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The rear large shock mount is next, and requires the anti roll bar and wing mounts screwing on before being fitted to the car, the carbon is thick at 3mm and with the low profile should be very strong.

There was a problem on my car here, the rear gearbox top has a lug which helps locate the rear shock tower, it basically pokes out into a corresponding slot in the carbon tower.

Basically the holes and lug on the tower were slightly differently spaced to the screws holes and slot on the tower. The difference was only around half a mm, but it meant I either put the screws in first and crushed the lug, or located the tower first on the lug and then wasn't able to screw it down as the holes didn't line up.

I filed the lugs and the inside face of the slot on the tower, this enabled the tower to finally sit flat like its meant to.

Although I mentioned the lack of lugs to locate the gearbox halves together, lugs are only good if they are in the correct place.

The wing mounts look odd compared to everything else on the car, they look cheap as a first impression, the clear plastic doesn't seem to belong to the rest of the car, they are fairly flexible though and seem like the could take some abuse.

Shock tower wouldn't sit flat.
Rear tower and transparent wing mounts.


The rear suspension is of a “double wishbone” type, not the usual lower wishbone and upper camber rod, camber can be adjusted to a small extent via the hub, it has a elongated hole which the upper arm slides within, clamping down a screw and nut secures the camber change.

The wishbones use hinge pins inboard and ball joints at the hub, the lower arms have an adjustable rod which connects the hub and wishbone to provide adjustable toe-in. This is fine if you have the ability / tools to set up the toe in, but likely would confuse some people and lead to some un-equal toe settings.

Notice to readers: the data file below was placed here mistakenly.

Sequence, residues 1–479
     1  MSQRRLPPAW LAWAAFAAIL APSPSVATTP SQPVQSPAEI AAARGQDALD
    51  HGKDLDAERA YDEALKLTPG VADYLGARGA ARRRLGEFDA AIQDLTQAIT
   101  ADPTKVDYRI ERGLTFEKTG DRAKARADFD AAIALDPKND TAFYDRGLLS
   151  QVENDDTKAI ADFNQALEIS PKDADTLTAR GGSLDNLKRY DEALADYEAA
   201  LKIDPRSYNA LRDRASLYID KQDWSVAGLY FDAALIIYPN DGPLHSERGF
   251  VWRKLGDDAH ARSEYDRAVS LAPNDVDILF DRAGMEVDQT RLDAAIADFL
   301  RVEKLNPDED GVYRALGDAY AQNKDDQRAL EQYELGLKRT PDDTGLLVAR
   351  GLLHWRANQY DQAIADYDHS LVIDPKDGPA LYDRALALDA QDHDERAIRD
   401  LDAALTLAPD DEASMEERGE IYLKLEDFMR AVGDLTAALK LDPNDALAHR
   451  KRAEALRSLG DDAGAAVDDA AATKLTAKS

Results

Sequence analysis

The top wishbones need to have a shock mount secured to the top by 2 screws, here the manual also suggests running a small bead of thin CA glue around the mount to stop it moving. I cant quite see why this cant just be moulded as part of the upper arm, it would surely make it more accurate, lighter and with 2 Titanium screws, also cheaper.

The top hingepin is quite thin and runs between two alloy bushes which sit inside the opposing carbon towers. the wire is held into the alloy bushes with a grub screw.

The grub screws are the last to be tightened after its all put together. Its also best for the grub screws to be level (with each other) otherwise the hingepin can sit at a different angle inside the bushes and bind the suspension.

The lower rear wishbones are supported by one intricately bent hinge pin which goes through the rear shock tower and the chassis acts as the hinge pin block, supporting the pin behind and in the centre of the wishbone. The left side lower arm wouldn't fall under its own weight, I took it apart again and the holes in the arm where the hinge pin goes were slightly out, the angle on one side wasn't a direct line to the other side, I ran the hinge pin through a few times, same with the chassis, and upon reassembly everything was fine.

The lower arms hold the hubs, one side with a rigid ball joint and the other side with an adjustable rod which enabled unlimited adjustment of rear toe settings. The large ball joints on the lower wishbones are quite stiff and the smaller ones on the toe-adjusters are quite loose and are quite easy to pop off with very little force, I'm not sure if this is a problem when racing the car but to stop them coming off completely I made sure all the open sides faced outwards (so it can only fall inwards).

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